Real estate teams are no doubt a dynamic force in real estate. Brokers and agents who understand how to leverage their strengths will see great success in the coming years.
To provide readers greater insight on teams and how they can leverage them, I decided to share the insights from recent interviews I did with two experts who have deep knowledge of real estate teams: Alvaro Erize, co-CEO of the real estate tech and marketing tool Commissions Inc., and Rich Rector, a leadership coach with Keller Williams’ MAPS program.
You have the opportunity provide your perspective on teams by participating in a short survey at the end of this article.
See the Q&A below.
Are teams more prevalent today, and, if so, why?
Erize: Teams have been rapidly growing in both number and influence over the past five years and we continue to see that trend accelerate. Through role specialization, strong technology investment and team leader dedication to coaching, the average team (at least in CINC’s client base) has grown its business by more than 30 percent in the last 12 months, with a large percentage of them more than doubling their business.
Rector: I agree with Alvaro’s comments about the increased prevalence of teams today. Brokers, such as those in the Keller Williams family, encourage teams by providing them with training and tools. The desire for income from consistent leads is a strong attraction for agents to join teams, and also a driver of team growth. Many teams have built-in lead generation systems established by the team leader, aka the “rainmaker.” Although agents receive a reduced split as members of a team, they often do more transactions in the right model and thus make more money than they would otherwise.
What are some benefits teams provide brokers and agents?
Rector: Teams can be a huge benefit to brokerages when they have the right economic structure in place. Teams provide high marketplace visibility and can generate many transactions, which increase broker market share. For top agents, creating a team is a way to leverage their expertise to increase profitability and transaction count.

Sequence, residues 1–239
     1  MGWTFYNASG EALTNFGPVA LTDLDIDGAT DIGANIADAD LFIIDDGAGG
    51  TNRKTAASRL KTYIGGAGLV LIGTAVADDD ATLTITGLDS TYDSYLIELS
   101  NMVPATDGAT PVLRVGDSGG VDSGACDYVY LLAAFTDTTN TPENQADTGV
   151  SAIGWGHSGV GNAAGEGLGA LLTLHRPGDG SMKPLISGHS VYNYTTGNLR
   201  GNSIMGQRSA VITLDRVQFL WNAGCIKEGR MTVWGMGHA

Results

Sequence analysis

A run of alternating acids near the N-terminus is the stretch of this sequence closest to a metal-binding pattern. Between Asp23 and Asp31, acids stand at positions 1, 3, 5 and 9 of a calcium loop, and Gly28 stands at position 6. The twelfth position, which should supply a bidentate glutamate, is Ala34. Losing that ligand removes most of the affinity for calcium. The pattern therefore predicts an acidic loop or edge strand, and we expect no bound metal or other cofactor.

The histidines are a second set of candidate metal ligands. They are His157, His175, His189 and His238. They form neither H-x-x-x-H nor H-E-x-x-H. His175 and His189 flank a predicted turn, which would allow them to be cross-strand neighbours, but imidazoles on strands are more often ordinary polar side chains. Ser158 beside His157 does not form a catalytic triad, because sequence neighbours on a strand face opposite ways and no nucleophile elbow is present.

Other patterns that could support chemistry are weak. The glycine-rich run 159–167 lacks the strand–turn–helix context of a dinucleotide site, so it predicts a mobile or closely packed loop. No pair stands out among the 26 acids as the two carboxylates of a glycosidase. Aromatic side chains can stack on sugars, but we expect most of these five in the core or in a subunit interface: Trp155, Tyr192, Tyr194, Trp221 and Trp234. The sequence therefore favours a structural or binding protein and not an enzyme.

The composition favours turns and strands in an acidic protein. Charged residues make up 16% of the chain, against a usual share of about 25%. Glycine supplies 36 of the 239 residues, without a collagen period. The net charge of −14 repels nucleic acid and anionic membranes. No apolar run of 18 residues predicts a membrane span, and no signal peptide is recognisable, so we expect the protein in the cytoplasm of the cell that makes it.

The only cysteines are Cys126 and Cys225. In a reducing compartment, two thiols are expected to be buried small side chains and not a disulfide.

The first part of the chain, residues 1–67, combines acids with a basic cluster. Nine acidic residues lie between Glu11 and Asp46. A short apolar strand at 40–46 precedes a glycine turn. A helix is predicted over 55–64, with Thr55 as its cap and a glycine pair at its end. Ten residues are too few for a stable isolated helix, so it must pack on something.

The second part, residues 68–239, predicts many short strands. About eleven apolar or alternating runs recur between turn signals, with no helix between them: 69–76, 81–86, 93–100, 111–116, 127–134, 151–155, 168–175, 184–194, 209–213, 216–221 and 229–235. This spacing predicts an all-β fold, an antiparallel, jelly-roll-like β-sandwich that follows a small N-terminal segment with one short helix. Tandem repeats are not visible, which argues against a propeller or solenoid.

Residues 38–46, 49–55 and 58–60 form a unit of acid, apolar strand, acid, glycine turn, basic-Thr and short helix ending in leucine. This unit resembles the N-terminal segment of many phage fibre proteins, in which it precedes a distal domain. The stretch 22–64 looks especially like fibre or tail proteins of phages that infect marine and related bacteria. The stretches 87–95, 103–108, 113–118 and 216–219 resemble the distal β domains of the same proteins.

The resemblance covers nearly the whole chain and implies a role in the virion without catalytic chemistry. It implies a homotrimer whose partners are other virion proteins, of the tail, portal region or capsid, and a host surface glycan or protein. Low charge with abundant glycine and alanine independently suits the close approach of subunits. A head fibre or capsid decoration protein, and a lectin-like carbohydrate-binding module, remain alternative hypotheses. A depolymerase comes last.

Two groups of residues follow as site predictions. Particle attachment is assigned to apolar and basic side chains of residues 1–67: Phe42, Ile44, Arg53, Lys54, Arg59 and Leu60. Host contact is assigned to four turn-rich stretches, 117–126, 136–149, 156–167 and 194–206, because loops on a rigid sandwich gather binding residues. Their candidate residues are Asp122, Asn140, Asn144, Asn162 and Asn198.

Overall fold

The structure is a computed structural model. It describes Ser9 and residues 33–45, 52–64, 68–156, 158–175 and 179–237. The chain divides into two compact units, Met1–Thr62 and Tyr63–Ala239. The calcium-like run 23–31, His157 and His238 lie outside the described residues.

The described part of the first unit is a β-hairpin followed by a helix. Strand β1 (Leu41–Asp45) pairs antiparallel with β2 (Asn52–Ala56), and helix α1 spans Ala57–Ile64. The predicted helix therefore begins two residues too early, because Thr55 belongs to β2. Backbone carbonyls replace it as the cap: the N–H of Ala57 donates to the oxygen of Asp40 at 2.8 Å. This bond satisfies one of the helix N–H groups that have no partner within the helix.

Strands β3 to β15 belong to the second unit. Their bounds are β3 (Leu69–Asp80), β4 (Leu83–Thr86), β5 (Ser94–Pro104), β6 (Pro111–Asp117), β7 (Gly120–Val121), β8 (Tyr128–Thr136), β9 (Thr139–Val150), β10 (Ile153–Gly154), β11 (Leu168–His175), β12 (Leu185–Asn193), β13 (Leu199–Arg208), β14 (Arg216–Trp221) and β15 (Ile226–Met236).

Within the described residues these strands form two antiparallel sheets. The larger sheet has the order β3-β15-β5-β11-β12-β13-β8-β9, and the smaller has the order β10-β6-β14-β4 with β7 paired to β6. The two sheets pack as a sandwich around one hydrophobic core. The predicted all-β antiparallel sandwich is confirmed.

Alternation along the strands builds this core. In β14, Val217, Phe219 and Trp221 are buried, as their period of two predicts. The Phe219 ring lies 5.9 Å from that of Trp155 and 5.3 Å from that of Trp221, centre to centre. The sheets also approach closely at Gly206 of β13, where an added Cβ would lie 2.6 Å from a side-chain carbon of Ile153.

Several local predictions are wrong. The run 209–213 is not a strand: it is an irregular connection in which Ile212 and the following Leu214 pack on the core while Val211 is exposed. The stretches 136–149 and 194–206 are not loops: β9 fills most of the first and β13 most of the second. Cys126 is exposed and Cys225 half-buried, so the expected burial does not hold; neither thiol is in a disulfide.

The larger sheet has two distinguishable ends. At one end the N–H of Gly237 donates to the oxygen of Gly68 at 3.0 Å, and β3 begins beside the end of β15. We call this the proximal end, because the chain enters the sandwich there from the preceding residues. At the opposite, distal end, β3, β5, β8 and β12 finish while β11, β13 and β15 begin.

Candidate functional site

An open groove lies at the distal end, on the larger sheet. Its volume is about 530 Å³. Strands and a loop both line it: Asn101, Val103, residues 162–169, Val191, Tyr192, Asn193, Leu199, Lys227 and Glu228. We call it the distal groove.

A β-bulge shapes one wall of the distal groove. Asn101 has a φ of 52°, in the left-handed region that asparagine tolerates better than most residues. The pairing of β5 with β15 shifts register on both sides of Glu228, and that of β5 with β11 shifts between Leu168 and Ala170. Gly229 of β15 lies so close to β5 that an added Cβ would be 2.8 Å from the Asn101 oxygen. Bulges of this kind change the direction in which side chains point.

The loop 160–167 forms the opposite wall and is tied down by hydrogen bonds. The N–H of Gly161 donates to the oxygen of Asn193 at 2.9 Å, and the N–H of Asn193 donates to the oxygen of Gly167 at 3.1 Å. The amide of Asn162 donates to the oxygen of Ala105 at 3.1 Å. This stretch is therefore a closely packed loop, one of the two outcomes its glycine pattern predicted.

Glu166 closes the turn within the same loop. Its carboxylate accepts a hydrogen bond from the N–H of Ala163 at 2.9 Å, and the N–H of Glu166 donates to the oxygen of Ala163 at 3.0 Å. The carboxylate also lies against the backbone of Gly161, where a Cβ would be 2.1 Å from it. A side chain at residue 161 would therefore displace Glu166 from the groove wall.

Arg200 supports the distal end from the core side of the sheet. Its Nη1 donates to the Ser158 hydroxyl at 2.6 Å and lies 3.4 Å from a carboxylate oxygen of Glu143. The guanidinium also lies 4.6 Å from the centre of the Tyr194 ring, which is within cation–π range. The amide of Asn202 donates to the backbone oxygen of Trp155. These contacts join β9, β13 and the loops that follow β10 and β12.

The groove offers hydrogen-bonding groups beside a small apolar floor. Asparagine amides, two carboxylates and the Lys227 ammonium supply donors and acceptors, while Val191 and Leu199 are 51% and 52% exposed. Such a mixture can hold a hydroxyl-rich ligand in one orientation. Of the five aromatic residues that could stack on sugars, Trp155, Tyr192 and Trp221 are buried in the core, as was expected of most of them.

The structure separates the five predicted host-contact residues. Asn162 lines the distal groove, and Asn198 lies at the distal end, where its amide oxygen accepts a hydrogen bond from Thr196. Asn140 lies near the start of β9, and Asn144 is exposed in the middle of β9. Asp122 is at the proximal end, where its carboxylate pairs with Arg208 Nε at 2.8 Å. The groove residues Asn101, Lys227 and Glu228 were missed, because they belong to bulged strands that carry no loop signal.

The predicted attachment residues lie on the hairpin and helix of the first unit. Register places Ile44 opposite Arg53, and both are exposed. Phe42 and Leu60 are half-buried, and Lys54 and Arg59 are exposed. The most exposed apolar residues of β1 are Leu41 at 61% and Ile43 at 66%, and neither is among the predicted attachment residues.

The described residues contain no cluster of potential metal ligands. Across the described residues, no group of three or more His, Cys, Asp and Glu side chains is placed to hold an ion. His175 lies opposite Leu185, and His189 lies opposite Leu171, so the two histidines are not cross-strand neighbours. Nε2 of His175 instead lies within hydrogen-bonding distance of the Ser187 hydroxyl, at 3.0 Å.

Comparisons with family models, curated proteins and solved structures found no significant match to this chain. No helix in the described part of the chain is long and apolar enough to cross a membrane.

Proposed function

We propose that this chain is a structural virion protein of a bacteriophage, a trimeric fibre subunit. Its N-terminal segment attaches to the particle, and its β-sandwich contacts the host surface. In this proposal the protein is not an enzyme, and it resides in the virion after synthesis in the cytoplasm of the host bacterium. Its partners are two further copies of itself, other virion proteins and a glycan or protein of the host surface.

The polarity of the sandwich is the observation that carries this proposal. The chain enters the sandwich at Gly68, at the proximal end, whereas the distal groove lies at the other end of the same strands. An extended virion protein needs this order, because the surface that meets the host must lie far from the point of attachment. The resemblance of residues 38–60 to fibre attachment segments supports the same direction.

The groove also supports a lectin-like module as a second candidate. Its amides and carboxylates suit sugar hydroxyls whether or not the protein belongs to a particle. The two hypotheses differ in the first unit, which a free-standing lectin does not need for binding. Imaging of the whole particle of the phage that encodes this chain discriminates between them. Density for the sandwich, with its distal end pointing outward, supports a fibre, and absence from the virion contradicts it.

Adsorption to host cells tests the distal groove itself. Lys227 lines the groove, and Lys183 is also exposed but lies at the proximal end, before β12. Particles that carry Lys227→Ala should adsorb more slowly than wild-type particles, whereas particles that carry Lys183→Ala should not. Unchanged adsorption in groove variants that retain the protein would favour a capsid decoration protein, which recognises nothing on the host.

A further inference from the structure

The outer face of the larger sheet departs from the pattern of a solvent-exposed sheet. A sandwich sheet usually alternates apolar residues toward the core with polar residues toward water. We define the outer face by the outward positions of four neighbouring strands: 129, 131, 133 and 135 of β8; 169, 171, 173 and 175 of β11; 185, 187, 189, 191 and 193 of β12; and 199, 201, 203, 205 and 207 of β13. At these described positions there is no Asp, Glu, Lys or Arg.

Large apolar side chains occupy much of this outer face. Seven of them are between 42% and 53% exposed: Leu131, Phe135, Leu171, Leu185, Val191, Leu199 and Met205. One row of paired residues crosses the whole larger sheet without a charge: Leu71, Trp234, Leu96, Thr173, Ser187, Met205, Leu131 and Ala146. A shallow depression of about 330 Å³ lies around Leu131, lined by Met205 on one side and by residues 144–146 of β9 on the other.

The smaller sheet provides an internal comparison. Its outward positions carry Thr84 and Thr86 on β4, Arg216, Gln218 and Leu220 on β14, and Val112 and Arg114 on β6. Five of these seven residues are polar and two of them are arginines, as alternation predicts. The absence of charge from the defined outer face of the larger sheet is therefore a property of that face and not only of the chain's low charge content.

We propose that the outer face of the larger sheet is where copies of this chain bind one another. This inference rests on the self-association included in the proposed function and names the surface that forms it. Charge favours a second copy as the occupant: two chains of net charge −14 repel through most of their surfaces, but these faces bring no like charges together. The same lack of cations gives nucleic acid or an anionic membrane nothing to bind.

Erize: I agree — teams can be a great asset for brokerages if harnessed correctly. Teams are able to ramp up new agents much faster with a hands-on approach that can be cost-prohibitive for brokers. This helps a brokers’ newer agents grow faster. Team leaders also provide significant aspirational value. Agents are attracted to teams because they see them as a vehicle for quicker success. Great teams provide personalized coaching and constant accountability, making agents effective very quickly.
What tools are available to teams?
Rector: There is a lot of information and training on how to build teams. One example is Gary Keller’s “Millionaire Real Estate Agent” book. Having a good lead generation platform and a support and tracking system in place is important and a key reason that agents join teams. For recruiting, many teams advertise, market and use social media to attract recruits. Having access to tools that quickly digest performance data help team leaders identify recruits and determine whether they are best suited as a buyer agent or listing specialist.
Erize: Successful teams provide specialized, top-of-the-line technology designed to drive high productivity as opposed to cookie-cutter solutions offered by some tech providers. CINC, for example, is an end-to-end solution that provides powerful lead generation, an optimized conversion engine and dashboards that allow agents and teams to track their productivity and support accountability. Recruiting is still a big pain point for teams, however; technology has not yet provided a differentiated solution.
Teams are here to stay and becoming more prevalent. They benefit agents and brokerages if properly structured and if they use the right technology designed to help teams efficiently grow.